Costa Concordia salvage: Success boosts pride for shamed Italy

 

The extraordinary righting of the Costa Concordia from its watery Tuscan graveyard has given Italy a boost of sorely needed pride, helping erase the shame many felt after an Italian captain took the cruise ship off course in an apparent stunt, crashed it and then abandoned ship before everyone was evacuated.

It didn't seem to matter that the chief salvage master was from South Africa or that his 500-member crew hailed from 26 different nations. Italy, beset by two years of recession and such political instability that each day brings relief that the government hasn't fallen, had pulled off an unprecedented engineering feat as the world watched live on television. 

"Well done!" retiree Aldo Mattera said Tuesday morning as he surveyed the Concordia, upright for the first time since the Jan. 13, 2012, shipwreck that killed 32 people near Giglio Island. 

Premier Enrico Letta also weighed in, emphasizing the importance of restoring the nation's civic pride.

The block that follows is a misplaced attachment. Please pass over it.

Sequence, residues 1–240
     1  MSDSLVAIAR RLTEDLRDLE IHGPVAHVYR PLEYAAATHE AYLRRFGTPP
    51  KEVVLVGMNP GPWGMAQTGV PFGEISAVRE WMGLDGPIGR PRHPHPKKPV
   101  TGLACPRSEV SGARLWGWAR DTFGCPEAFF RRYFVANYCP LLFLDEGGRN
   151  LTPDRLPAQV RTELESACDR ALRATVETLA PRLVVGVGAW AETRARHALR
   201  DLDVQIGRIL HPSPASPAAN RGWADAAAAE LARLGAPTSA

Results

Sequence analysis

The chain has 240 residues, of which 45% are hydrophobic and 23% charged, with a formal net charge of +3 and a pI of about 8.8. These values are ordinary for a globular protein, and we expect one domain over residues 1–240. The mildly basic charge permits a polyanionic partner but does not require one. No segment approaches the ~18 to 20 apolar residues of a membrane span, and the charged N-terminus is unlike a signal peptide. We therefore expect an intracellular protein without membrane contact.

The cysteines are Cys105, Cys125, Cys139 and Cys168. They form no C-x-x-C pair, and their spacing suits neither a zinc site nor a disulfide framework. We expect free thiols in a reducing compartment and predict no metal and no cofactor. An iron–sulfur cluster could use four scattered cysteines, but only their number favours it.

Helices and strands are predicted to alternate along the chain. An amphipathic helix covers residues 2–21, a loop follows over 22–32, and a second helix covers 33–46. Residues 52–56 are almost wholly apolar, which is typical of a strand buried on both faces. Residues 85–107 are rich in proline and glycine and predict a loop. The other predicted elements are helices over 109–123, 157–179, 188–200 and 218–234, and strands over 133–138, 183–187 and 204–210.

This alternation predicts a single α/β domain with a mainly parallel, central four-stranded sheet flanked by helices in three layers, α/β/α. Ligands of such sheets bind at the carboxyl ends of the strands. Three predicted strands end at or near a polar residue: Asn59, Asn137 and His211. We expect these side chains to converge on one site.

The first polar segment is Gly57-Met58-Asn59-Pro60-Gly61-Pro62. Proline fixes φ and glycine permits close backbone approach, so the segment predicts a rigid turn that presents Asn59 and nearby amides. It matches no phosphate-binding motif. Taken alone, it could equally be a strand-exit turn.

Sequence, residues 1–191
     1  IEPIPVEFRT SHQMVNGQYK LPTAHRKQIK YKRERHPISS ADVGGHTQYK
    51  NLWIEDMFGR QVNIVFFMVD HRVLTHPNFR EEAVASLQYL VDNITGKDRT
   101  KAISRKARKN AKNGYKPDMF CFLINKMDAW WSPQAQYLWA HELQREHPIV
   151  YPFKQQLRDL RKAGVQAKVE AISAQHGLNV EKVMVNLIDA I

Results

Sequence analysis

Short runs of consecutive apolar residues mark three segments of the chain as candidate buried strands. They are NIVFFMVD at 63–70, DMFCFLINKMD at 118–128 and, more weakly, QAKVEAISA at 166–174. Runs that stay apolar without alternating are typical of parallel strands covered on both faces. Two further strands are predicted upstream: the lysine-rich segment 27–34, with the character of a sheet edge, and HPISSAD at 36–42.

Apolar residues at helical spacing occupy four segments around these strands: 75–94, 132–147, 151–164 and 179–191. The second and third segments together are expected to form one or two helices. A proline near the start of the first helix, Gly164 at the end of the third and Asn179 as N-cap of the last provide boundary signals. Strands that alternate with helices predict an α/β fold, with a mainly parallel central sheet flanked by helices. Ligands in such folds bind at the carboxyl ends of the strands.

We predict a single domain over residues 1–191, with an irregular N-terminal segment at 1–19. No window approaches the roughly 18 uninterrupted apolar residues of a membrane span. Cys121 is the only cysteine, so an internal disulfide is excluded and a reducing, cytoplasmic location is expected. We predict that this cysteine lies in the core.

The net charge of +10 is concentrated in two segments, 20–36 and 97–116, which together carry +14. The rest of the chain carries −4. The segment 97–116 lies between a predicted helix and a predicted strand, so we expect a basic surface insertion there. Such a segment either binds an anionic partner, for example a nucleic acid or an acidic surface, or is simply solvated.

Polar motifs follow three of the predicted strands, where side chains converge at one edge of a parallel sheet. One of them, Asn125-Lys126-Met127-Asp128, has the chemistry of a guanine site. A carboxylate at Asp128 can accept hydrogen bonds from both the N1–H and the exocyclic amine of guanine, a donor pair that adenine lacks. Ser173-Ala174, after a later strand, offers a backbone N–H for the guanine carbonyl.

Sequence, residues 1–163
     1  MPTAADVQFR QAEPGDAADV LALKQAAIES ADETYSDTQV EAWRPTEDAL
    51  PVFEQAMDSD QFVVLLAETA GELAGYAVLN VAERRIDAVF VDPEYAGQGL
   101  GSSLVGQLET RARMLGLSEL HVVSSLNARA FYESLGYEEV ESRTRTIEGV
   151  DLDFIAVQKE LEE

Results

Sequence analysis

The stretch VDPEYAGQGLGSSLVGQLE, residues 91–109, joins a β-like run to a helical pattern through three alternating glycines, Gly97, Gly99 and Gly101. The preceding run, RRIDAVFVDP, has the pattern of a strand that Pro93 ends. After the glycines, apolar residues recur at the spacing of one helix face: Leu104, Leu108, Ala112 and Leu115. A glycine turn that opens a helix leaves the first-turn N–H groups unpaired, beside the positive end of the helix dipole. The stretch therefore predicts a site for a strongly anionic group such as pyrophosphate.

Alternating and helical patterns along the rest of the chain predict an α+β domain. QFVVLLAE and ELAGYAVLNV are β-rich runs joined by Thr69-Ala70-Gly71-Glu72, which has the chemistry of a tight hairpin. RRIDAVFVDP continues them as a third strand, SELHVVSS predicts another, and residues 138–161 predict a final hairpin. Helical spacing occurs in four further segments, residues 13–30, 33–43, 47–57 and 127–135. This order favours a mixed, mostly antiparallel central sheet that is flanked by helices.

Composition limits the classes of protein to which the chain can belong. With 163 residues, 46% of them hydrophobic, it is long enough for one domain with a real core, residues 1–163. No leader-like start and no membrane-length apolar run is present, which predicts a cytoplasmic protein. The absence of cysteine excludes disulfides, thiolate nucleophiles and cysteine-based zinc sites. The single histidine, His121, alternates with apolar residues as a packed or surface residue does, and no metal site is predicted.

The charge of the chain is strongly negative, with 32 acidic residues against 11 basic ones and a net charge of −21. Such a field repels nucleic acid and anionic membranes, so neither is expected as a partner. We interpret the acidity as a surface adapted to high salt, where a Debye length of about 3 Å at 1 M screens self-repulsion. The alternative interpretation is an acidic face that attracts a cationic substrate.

As he personally thanked Franco Gabrielli, the head of Italy's civil protection agency who oversaw the project, Letta said the operation had demonstrated what it means to take responsibility for something, no matter how risky or how high the stakes. 

"In this case, the public image of our country was one of fleeing responsibility," Letta said, referring to the captain's early evacuation from the ship and his subsequent refusal to reboard even after being ordered to do so by the coast guard. 

"Instead today, thanks to all your work and thanks to this concept of assuming responsibility" Italy's reputation has been restored, Letta told Gabrielli at a ceremony at the government palace in Rome.